Survey shows signs of job market recovery

The final quarter of 2009 is set to be the strongest one of the year for employment in Australia, according to the Manpower Employment Outlook Survey released this week.

The final quarter of 2009 is set to be the strongest one of the year for employment in Australia, according to the Manpower Employment Outlook Survey released this week.

The survey of 2,333 employers indicates hiring intentions for the next three months have improved, with the seasonally adjusted Net Employment Outlook at +7%, up from +2% in the last quarter.

According to Lincoln Crawley, Managing Director, Manpower Australia and New Zealand, this is due to an increase in the proportion of employers planning to increase hiring (18%, up from 14% in Q.3) and a fall in the number planning to decrease hiring (9%, compared to 14% in Q.3).

However, hiring intentions remain weaker than a year ago, when the Net Employment Outlook was +16%.

“Two successive quarters of improving employer forecasts are an encouraging sign that the employment market has turned the corner: the employment forecast for Australia has climbed from -1% in the second quarter to a level of cautious optimism.

“It’s also a testament to the resilience of the Australian labour market that we have avoided recording a negative Outlook this quarter; unfortunately, many other countries in the Manpower network have not been so fortunate,” said Crawley.

Certain industries had a particularly bright outlook, with 23% of Mining & Construction employers planning to increase hiring (up from 15% in Q.3) and 20% of Transportation & Utilities employers (up from 13%).

A major change since the last survey was the finding that no industry sector employers reported a negative Net Employment Outlook.

Employers in the Manufacturing, the Mining & Construction and the Wholesale & Retail Trade industry sectors all project a positive hiring pace in the forthcoming quarter.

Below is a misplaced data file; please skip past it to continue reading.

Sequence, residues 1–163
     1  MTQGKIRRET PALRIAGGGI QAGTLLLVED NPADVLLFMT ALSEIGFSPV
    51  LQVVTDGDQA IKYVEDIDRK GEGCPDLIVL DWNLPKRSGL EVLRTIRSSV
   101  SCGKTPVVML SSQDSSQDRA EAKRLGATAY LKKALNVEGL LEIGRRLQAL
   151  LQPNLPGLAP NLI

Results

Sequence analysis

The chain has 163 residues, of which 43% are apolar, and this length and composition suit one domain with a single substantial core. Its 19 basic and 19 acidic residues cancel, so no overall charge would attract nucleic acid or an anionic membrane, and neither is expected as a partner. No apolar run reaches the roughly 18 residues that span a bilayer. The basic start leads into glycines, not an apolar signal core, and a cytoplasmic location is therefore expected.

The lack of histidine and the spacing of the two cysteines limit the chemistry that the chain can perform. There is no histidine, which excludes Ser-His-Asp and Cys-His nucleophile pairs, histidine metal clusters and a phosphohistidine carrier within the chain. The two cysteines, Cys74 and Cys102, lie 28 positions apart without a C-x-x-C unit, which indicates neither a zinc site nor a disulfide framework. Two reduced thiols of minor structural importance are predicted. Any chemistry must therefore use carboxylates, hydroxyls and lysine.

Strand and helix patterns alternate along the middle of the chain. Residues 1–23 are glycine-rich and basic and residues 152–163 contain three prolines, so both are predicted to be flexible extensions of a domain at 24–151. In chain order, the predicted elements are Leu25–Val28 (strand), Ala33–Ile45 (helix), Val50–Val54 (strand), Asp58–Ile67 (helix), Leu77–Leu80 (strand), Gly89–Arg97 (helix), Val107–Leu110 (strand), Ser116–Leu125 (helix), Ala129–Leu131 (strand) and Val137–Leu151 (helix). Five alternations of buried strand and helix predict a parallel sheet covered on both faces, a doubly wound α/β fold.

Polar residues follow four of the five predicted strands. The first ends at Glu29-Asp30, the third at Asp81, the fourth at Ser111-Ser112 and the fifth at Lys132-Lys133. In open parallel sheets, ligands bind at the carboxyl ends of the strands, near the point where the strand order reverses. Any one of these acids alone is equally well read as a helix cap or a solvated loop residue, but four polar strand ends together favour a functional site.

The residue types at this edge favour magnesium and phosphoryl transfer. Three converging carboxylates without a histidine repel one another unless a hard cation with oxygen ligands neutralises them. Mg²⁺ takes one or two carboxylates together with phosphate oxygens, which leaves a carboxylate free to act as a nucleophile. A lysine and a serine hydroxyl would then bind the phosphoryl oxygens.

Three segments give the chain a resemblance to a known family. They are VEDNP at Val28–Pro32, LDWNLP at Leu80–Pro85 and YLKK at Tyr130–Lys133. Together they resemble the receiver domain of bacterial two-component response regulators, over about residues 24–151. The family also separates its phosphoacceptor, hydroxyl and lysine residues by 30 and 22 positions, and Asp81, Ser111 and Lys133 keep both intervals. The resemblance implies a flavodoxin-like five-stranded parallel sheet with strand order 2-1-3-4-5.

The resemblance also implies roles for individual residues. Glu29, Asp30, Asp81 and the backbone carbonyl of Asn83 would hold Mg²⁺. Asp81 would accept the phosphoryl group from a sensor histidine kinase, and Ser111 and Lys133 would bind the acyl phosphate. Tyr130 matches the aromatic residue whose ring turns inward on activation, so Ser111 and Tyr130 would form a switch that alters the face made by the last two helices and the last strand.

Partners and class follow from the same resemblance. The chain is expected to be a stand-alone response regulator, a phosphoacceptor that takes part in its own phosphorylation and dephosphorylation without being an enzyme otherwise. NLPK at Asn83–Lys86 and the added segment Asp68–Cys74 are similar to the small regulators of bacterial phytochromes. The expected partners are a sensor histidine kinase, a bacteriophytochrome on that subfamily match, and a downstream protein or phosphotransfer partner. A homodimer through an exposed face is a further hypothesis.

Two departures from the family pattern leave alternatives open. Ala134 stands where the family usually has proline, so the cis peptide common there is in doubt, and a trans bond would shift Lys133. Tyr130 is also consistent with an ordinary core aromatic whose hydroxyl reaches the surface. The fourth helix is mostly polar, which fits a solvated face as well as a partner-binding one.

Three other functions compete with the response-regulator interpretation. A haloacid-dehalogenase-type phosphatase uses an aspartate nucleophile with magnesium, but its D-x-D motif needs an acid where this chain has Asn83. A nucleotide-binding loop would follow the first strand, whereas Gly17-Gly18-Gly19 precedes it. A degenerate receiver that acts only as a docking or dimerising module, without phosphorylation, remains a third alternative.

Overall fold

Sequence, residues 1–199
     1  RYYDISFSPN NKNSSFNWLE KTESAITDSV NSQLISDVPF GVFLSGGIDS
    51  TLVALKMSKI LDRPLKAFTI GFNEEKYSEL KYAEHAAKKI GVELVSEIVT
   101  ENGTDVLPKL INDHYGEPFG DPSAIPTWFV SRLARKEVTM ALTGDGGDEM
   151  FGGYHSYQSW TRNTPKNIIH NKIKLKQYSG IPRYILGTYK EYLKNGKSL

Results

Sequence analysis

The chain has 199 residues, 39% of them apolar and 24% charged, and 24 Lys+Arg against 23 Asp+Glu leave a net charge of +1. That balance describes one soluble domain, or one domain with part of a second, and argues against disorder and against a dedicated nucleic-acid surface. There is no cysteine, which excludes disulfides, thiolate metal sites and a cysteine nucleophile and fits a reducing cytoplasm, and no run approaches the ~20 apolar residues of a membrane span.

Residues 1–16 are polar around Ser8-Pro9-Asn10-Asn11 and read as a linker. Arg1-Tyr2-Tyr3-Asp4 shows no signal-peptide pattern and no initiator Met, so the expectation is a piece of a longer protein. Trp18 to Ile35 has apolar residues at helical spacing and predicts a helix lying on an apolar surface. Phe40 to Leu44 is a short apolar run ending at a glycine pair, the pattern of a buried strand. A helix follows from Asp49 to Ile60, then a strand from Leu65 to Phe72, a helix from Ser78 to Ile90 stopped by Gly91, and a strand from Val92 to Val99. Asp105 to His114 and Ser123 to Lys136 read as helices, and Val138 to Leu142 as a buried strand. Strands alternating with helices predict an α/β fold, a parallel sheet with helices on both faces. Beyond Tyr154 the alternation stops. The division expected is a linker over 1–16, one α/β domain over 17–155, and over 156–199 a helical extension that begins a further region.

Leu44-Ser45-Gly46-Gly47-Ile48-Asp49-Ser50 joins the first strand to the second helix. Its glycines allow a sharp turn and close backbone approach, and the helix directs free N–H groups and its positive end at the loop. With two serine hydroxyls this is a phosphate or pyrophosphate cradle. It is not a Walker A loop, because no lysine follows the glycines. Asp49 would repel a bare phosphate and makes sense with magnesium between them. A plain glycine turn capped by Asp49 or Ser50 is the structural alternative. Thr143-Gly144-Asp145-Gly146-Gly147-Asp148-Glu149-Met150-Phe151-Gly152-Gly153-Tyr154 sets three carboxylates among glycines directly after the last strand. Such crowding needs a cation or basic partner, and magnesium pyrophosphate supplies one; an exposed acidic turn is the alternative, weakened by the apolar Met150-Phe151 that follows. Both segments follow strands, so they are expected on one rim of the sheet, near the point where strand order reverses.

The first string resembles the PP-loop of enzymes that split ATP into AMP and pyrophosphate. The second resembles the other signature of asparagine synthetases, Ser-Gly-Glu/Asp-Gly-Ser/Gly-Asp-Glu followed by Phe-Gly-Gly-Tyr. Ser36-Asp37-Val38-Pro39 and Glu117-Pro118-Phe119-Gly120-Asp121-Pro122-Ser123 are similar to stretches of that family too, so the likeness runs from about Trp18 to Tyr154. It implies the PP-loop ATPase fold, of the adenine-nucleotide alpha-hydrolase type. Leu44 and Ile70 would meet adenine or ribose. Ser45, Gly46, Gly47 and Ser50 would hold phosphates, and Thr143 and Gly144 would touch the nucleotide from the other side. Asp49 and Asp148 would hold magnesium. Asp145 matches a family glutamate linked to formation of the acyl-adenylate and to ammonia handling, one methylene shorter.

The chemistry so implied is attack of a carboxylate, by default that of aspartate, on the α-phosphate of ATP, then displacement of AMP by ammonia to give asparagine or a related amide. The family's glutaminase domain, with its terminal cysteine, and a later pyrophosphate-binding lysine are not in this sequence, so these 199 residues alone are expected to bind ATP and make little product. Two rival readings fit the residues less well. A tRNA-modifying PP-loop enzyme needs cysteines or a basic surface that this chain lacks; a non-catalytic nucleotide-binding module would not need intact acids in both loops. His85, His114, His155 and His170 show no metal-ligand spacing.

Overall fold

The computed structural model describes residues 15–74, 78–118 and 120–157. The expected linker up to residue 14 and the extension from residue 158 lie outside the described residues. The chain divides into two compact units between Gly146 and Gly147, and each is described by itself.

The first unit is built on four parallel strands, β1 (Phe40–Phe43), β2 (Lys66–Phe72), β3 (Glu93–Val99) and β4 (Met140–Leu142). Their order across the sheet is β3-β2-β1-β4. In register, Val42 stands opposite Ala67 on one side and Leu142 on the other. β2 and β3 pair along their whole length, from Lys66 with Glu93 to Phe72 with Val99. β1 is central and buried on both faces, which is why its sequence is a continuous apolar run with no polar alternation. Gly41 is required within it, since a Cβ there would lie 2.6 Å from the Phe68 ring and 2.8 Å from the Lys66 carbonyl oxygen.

“One of the defining characteristics of this downturn has been the way in which different industry sectors have felt the pain.

“For example, the Manufacturing sector suffered two consecutive quarters of negative Outlooks, although it has now returned to positive territory.

“Conversely, the Services sector has weathered the storm well, never straying into negative territory, with employers reporting the most optimistic hiring intentions among all of the sectors surveyed for the fourth quarter.

“The message here for jobseekers is that it’s vital to stay flexible, retrain where possible and tap into networks for new opportunities. The economy hasn’t contracted evenly, nor will it grow again in a uniform way, so people need to be adaptable and go where the demand is,” Crawley said.

While the Net Employment Outlook is yet to reach the heights seen during the boom, when it peaked at +29% (in Q.2, 2007 and 2008), Manpower believes that the war for talent is gathering pace again.

“We have already seen in our research, and in talking to employers, that skills shortages still exist in some areas of the Australian employment market, including engineers, sales professionals and trades.

“And while the downturn has provided a welcome respite for many organisations who had struggled to find the talent they need, it certainly won’t last forever.

“Smart companies will be working hard, right now, to both attract and retain top performers who will see them through the downturn and beyond,” Crawley said.

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